Injuries Afford Arsene Wenger Some Leeway in Arsenal's Faltering Season

James McNicholas@@jamesmcnicholasFeatured ColumnistMarch 26, 2014

ST ALBANS, ENGLAND - MARCH 10:  Arsenal manager Arsene Wenger looks on during the Arsenal training session at London Colney on March 10, 2014 in St Albans, England.  (Photo by Michael Regan/Getty Images)
Michael Regan/Getty Images

Arsenal’s season appears to be undergoing its customary implosion. The causes are depressingly familiar for Arsenal fans: A weak-mindedness against the big teams, some disastrous defending and a failure to sufficiently strengthen the squad during multiple transfer windows.

However, there is one factor that has not been foregrounded in the discussion of Arsenal’s recent slump: injuries.

It’s a plague that seems to afflict Arsenal year on year. However, in the second half of this season, it has been particularly virulent. At the present time, Arsenal sit on top of’s Premier League injury table. They currently have seven men on the sidelines.

There is an alarming pattern to the injuries: Many of them are in the vital central-midfield area of the pitch. Currently, Arsenal are without Abou Diaby, Jack Wilshere, Aaron Ramsey and Mesut Ozil. When fit, all four would certainly feature in Arsene Wenger’s matchday plans.

LONDON, ENGLAND - DECEMBER 26:  Aaron Ramsey of Arsenal holds off Kevin Nolan of West Ham United during the Barclays Premier League match between West Ham United and Arsenal at Boleyn Ground on December 26, 2013 in London, England.  (Photo by Ian Walton/G
Ian Walton/Getty Images

Ramsey’s absence has been particularly costly. It seems like a long time ago now, but in the first half of the season, he was arguably the Premier League’s outstanding player. The thigh injury he picked up in December has ruled him out for the most crucial period of Arsenal’s season.

With his goals and energy from midfield, it might have been a different story.

Initially, Arsenal coped well with the loss of Ramsey. Wilshere stepped into the void and looked as if he could be a capable understudy. However, his form and fitness have both since disappeared. To be without both players at the same time is particularly problematic.

LONDON, ENGLAND - JANUARY 04:   (EDITORS NOTE: Retransmission of image #460558025 with an alternate crop) Theo Walcott of Arsenal lies injured on the pitch during the Budweiser FA Cup third round match between Arsenal and Tottenham Hotspur at Emirates Sta
Clive Rose/Getty Images

The other big loss has been that of Theo Walcott. If there was one part of the pitch in which Arsenal could ill-afford to lose players, it was in the attacking third.

Having failed to recruit a new striker in either the summer or in January, Arsenal have been dangerously reliant on Olivier Giroud all season long. There’s a cruel irony about the fact that the cruciate ligament injury that ruled Walcott out for the season came in the very match in which he showed he could provide a viable alternative to Giroud.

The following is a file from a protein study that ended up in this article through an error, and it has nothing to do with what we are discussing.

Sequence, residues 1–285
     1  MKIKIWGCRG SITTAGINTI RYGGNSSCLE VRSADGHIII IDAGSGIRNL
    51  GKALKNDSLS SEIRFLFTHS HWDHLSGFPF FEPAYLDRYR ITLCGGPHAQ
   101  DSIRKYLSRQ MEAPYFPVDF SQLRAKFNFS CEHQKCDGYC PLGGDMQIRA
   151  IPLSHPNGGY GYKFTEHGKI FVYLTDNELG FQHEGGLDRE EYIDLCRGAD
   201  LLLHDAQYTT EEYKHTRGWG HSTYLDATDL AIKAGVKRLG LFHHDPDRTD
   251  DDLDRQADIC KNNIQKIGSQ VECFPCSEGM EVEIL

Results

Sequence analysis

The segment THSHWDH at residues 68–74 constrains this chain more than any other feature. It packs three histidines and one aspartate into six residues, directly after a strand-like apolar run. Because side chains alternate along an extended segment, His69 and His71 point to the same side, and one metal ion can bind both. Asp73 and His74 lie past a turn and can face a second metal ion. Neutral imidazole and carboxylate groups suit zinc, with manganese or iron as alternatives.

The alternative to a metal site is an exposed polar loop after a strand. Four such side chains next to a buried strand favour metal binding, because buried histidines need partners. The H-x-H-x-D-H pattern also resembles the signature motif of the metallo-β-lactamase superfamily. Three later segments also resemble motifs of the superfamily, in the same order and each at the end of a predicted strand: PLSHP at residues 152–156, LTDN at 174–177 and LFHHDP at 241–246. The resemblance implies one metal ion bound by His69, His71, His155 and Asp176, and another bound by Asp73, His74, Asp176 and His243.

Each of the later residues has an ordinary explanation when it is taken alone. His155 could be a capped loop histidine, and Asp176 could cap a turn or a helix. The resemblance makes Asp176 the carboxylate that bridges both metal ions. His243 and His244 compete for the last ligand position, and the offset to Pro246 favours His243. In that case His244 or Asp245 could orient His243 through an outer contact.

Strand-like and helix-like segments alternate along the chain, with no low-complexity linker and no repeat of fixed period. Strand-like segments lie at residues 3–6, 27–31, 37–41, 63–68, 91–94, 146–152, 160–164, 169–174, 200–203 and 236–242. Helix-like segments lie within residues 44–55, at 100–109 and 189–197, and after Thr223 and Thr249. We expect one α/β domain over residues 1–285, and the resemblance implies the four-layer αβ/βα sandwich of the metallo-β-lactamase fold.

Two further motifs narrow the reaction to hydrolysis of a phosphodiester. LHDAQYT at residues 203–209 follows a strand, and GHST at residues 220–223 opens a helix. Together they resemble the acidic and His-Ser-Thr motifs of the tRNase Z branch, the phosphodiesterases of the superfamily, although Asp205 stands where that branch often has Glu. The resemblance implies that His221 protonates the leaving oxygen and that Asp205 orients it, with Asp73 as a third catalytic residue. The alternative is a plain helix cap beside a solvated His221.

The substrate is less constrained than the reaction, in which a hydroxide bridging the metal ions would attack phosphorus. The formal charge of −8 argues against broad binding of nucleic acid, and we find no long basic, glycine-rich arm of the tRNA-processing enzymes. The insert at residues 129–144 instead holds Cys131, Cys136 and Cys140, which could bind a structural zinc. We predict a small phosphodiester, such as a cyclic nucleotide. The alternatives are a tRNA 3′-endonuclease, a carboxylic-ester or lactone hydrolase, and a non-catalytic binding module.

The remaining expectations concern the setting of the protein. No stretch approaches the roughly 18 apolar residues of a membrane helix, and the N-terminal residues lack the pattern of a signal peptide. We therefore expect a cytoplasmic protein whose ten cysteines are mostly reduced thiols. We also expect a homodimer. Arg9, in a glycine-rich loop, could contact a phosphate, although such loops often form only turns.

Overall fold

Walcott was handed a start at centre-forward in the FA Cup third-round clash with Spurs, and he responded with an outstanding display. He’s long been clear about his ambition to be regarded as a central striker, and in this game he truly walked the walk. However, it was fated to be his last appearance of 2013/14.

Injuries are a regular affliction at Arsenal. Fitness coach Raymond Verheijen recently told the Mirror that it’s a consequence of poor training methods:

An injury could be bad luck but that is the exception to the rule. In contact sports occasionally there is an unlucky injury but most injuries are a result of overloading the body... doing the wrong workload at the wrong time or in the wrong sequence," he explained.

Clearly something is going wrong. If you look at the law of the big numbers, something in the last ten years is going wrong. It’s clearly incompetence but it’s unconscious incompetence. The only way you can improve is if it’s conscious incompetence, so you’re aware of it.

Whatever the cause, it’s certain that injuries have been a huge factor in the recent downturn in Arsenal’s form.

Were the likes of Walcott and Ramsey fit and available, one suspects the Gunners might yet be in the title race.

James McNicholas is Bleacher Reports lead Arsenal correspondent and will be following the club from a London base throughout the 2013-14 season. Follow him on Twitter here.


    Inter in Talks for Sturridge as Roma Consider Move

    World Football logo
    World Football

    Inter in Talks for Sturridge as Roma Consider Move

    via Gianlucadimarzio

    Watford Blame Everton as They Sack Silva

    World Football logo
    World Football

    Watford Blame Everton as They Sack Silva

    BBC Sport
    via BBC Sport

    Chelsea Ready to Bid £44M for Roma Duo

    World Football logo
    World Football

    Chelsea Ready to Bid £44M for Roma Duo

    Fabrizio Romano
    via the Guardian